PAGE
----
San Francisco’s transit agency is planning a project for major improvements to The City’s beloved cable cars, including modernizing the electrical system, upgrading infrastructure and rehabilitating vehicles. (Kevin N. Hume/The Examiner)

San Francisco’s transit agency is planning a project for major improvements to The City’s beloved cable cars, including modernizing the electrical system, upgrading infrastructure and rehabilitating vehicles. (Kevin N. Hume/The Examiner)

Costly cable cars: City seeks $625 million to avoid more ‘temporary shutdowns’

The nearly 150-year-old system is overdue for major renovations

It only took five days for San Francisco’s iconic cable cars to get derailed.

Following an 18-month pandemic hiatus, all of the lines starting running at full service but were quickly shut down again after an electrical problem on Sept. 9 triggered a system-wide power outage. Nine days later, the hallmark trundle of these vintage vehicles returned, but the road ahead is long.

According to the San Francisco Municipal Transportation Agency, the nearly 150-year-old system is overdue for major renovations to the tune of $625 million. Such dire economic forecasts — unfortunately not uncommon with Muni — raise bigger questions about how to imagine a sustainable future for the cable car system.

Cable cars are central to the fabric of San Francisco. So much so that their operation is mandated in the City Charter. They’re also wildly expensive to operate, running a $46 million operating deficit in 2019, according to the news site Mission Local.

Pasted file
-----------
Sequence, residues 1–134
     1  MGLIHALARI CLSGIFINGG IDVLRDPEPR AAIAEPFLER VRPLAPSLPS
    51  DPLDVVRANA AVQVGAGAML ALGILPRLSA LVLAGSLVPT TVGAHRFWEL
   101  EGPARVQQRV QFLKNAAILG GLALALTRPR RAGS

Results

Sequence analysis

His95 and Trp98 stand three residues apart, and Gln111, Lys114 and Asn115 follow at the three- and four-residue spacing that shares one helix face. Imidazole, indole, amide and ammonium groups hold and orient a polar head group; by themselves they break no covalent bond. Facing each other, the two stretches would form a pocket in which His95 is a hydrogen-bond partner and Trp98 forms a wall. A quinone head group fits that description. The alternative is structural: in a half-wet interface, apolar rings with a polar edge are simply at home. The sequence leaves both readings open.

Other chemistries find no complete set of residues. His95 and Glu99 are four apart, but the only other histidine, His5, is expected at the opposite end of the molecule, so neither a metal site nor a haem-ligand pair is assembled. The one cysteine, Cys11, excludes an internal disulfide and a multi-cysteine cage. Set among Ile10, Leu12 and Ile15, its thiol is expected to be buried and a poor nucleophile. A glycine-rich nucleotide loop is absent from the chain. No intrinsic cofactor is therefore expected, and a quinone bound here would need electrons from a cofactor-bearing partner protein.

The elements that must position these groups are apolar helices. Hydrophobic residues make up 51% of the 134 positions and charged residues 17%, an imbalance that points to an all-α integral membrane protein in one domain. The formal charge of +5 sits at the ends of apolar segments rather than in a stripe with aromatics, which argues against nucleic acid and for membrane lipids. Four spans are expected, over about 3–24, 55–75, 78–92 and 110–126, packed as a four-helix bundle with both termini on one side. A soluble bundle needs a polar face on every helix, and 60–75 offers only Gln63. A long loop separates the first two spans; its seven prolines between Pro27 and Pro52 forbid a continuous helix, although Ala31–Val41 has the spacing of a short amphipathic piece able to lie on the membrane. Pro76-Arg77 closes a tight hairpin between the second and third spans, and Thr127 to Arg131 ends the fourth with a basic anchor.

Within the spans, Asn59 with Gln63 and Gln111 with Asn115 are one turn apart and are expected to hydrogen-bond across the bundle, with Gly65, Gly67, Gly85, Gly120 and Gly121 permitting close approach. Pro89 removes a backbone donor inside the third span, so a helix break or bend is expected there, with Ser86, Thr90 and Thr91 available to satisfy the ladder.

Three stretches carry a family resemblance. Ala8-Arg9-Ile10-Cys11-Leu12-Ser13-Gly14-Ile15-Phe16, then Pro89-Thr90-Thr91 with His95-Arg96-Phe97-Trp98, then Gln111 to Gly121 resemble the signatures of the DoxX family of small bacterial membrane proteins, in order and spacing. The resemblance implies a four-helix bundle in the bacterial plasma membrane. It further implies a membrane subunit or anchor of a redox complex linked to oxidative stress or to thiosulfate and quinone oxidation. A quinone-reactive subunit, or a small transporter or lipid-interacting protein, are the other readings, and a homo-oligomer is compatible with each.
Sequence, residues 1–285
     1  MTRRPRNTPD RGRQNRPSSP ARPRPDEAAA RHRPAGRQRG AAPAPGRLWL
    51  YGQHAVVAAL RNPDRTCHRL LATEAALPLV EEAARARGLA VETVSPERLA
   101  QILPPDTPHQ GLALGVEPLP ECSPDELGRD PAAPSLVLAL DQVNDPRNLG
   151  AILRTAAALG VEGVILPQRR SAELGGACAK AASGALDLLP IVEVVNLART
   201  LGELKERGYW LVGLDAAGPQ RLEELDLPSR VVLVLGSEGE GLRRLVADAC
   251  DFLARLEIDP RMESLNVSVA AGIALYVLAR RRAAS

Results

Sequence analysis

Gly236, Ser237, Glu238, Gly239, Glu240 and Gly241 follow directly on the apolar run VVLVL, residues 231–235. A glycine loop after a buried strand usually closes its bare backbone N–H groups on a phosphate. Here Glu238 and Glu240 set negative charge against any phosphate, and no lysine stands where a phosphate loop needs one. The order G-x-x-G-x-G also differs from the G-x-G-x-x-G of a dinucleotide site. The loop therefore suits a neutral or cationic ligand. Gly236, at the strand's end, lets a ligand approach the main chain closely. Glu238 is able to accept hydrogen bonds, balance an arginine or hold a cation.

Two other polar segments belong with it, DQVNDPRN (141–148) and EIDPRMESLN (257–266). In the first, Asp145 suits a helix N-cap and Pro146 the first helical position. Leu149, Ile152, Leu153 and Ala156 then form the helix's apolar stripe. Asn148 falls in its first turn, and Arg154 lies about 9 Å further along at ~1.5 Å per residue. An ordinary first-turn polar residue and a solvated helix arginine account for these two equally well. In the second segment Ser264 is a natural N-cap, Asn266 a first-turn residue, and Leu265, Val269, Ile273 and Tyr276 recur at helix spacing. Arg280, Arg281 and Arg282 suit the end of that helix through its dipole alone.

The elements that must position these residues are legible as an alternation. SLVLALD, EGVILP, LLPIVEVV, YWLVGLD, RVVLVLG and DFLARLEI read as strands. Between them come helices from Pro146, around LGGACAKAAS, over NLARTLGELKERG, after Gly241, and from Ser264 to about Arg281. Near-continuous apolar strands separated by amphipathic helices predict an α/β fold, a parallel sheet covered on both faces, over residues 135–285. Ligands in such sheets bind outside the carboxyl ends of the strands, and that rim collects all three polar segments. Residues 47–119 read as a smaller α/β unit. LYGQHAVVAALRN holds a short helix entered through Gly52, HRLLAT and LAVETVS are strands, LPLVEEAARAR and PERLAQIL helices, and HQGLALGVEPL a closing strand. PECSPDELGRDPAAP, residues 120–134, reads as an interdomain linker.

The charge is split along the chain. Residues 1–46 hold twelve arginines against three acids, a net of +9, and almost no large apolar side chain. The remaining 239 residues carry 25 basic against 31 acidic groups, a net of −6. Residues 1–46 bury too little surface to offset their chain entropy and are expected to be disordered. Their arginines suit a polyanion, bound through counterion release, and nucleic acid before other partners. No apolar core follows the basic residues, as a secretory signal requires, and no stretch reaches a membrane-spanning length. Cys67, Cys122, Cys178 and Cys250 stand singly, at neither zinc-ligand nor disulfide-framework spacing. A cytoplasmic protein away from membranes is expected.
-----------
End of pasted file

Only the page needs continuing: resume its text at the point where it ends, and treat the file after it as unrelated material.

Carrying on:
SFMTA spent roughly $28,000 on this latest shutdown between parts and vendor services, said spokesperson Stephen Chun. That’s a drop in the bucket compared to the hundreds of millions of dollars the agency estimates will be required to bring the cable car system up to date and prevent similar mechanical errors from occurring in the future.

This project, which SFMTA started planning over a year ago, would renovate the cable car barn, modernize the existing electrical system — the same one that triggered this month’s power outage — and upgrade structural, seismic and propulsion infrastructure. It would also rehab 41 cars.

With such a steep price tag and so much uncertainty around the aging system, why did SFMTA choose to bring back cable cars now rather than later?

One explanation: tourism. Or, perhaps more accurately, the threat of its disappearance.

Senior transit agency officials repeatedly said throughout the pandemic that bringing back cable cars would be a “heavy lift,” and might risk pulling already-limited resources away from more desperately-needed Muni services.

An infusion of federal funds totaling $1 billion coupled with overt political pressure turned the tides swiftly. Changing its tune sharply, SFMTA announced in March 2021 a return timeline for these beloved transit vehicles. The announcement did not include mention of plans to eventually overhaul the system.

“Cable car service was among our last to be restored because prioritizing mobility and connections for essential workers was paramount during the COVID pandemic,” Chun said. “However, the cable cars are a critical part of the San Francisco brand and key to our economic and tourism recovery.”